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National Association of Realtors Says Home Prices Are Rising Too Fast

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It’s good to be a homeowner these days. After all, home prices are rising at an incredible pace, and have been for nearly a decade now since bottoming out.

On top of that, many of today’s homeowners hold fixed-rate mortgages with ultra-low mortgage rates, making it very affordable to own rather than rent.

Unfortunately, the same can’t be said of those looking over the fence, or sitting on the fence, wondering if they too should make the move to homeowner.

One of the biggest hurdles to homeownership that continues to worsen is the pesky down payment.

And as property values increase, so too does the minimum amount required to get a mortgage, assuming a down payment is needed, which it often is unless you’re taking out a USDA loan or VA loan.

This has made it more and more difficult for renters to become homeowners, despite mortgage rates being at/near all-time lows.

It also highlights the fact that low mortgage rates, while certainly great, aren’t a be-all, end-all solution to affordable housing.

Home Price Gains Outpace Mortgage Rate Discounts

  • Median monthly mortgage payment on an existing single-family home increased to $1,059 in Q3
  • That number was up from $1,019 in the second quarter and $1,032 in Q3 2019
  • Mortgage payments accounted for 15.6% of income in Q3 based on median income of $81,477
  • That was up from 14.8% in the second quarter unchanged from a year ago

In the National Association of Realtors (NAR) latest statistical release, they noted that the median existing single-family home price surged 12.0% on a year-over-year basis to $313,500.

These home price gains were seen all throughout the country, with double-digit year-over-year increases in the West (13.7%), Northeast (13.3%), South (11.4%), and the Midwest (11.1%).

Meanwhile, home prices are growing four times as fast as median family incomes, which have only ticked up about 2.9%.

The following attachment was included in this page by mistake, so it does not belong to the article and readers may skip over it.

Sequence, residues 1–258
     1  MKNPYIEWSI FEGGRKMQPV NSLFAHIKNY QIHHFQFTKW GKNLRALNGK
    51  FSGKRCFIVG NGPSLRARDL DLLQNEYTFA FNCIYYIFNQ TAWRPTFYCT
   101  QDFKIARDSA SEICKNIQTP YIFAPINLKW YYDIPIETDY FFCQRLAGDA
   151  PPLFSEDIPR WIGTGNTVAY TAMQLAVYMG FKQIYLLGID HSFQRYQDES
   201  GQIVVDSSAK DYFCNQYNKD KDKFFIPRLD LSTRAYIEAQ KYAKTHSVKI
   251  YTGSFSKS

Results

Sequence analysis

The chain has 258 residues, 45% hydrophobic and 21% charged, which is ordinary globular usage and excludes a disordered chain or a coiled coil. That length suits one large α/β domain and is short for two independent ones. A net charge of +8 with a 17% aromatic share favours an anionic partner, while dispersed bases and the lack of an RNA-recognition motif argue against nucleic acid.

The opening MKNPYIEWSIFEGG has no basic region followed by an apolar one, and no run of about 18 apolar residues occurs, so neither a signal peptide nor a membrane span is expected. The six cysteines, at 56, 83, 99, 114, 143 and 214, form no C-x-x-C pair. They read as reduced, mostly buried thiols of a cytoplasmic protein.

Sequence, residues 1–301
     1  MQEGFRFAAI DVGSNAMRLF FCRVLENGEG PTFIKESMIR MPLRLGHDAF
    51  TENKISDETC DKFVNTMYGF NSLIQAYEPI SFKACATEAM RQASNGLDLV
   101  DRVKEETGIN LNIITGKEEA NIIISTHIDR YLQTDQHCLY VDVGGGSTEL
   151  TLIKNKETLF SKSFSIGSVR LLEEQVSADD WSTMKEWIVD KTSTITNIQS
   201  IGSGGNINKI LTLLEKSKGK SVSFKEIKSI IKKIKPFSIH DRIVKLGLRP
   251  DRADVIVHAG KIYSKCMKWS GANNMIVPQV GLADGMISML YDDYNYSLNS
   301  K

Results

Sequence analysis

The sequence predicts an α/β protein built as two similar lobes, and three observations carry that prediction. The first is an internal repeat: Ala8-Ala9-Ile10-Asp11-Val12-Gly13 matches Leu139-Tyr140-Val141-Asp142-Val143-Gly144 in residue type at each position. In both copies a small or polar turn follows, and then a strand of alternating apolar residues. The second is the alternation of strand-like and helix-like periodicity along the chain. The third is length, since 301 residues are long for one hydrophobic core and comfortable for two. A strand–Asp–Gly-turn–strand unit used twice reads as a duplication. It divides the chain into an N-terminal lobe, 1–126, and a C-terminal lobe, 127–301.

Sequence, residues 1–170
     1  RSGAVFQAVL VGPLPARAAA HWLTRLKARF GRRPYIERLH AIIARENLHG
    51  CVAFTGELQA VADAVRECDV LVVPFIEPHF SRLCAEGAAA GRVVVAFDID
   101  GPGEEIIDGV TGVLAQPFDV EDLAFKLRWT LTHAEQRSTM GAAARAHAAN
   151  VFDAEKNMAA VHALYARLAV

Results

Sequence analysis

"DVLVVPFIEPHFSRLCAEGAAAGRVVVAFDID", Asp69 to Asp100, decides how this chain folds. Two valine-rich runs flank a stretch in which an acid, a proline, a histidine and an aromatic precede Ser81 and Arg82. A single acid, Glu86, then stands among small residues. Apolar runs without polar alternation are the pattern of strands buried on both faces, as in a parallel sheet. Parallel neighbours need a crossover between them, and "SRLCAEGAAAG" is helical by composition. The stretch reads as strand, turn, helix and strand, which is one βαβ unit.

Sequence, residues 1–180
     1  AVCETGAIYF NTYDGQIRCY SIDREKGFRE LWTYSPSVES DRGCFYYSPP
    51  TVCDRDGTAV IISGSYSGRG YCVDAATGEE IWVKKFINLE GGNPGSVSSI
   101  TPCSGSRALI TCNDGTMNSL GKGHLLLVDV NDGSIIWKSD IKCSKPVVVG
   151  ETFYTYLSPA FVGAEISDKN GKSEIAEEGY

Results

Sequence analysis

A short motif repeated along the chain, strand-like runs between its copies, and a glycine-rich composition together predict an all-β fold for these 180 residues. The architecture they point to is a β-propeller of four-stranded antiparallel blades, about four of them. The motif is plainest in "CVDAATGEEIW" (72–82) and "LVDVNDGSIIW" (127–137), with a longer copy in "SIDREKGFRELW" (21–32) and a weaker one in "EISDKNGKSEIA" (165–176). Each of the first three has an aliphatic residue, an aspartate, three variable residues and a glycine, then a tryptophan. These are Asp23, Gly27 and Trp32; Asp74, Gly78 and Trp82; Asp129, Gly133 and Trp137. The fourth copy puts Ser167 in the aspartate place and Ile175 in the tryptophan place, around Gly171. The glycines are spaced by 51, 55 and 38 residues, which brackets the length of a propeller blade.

Still, with mortgage rates so low at the moment, the monthly mortgage payment on an existing single-family home has only increased to $1,059 from $1,019 a quarter earlier and $1,032 a year ago.

For most prospective home buyers and existing homeowners, this is probably incidental, and not a deal-breaker in terms of qualifying for a mortgage.

But NAR chief Lawrence Yun still remarked that “housing prices are increasing much too fast.”

Interestingly, the low mortgage rates are a double-edged sword because they’re continuing to lure buyers to market, thereby increasing demand and raising home prices in the process.

So while you might get a lower mortgage rate, you’ll pay more for the house, assuming you don’t already own it.

In fact, 65% of metro areas , or 117 areas out of 181, experienced double-digit price gains from one year ago.

Biggest Year-Over-Year Home Price Gainers

1. Bridgeport, Conn. (27.3%)
2. Crestview, Fla. (27.1%)
3. Pittsfield, Mass. (26.9%)
4. Kingston, N.Y. (21.5%)
5. Atlantic City, N.J. (21.5%)
6. Boise, Idaho (20.6%)
7. Wilmington, N.C. (20.6%)
8. Barnstable, Mass. (19.4%)
9. Memphis, Tenn. (19.1%)
10. Youngstown, Ohio (19.1%)

These are the hottest metros nationwide when measuring home price growth from the third quarter of 2019 to the third quarter of this year.

Shockingly, home values were up nearly 30% in Bridgeport, Connecticut, which certainly doesn’t sound like healthy home price appreciation.

Yun noted that home prices have “jumped” in cities that contain larger properties with more open space, a symptom of the ongoing COVID-19 pandemic.

More frightening is the continued lack of housing inventory – at the end of the third quarter there were just 1.47 million existing homes available for sale, which was down a whopping 19.2% from a year earlier.

That represented just 2.7 months at the current sales pace, as of September 2020, which tells you why it’s overwhelmingly a seller’s market still.

Sure, you can probably get your hands on a super low mortgage rate, but good luck finding a house if you don’t already own one!

Read more: Would You Rather Have a Low Mortgage Rate or Pay a Lower Price for a Home?

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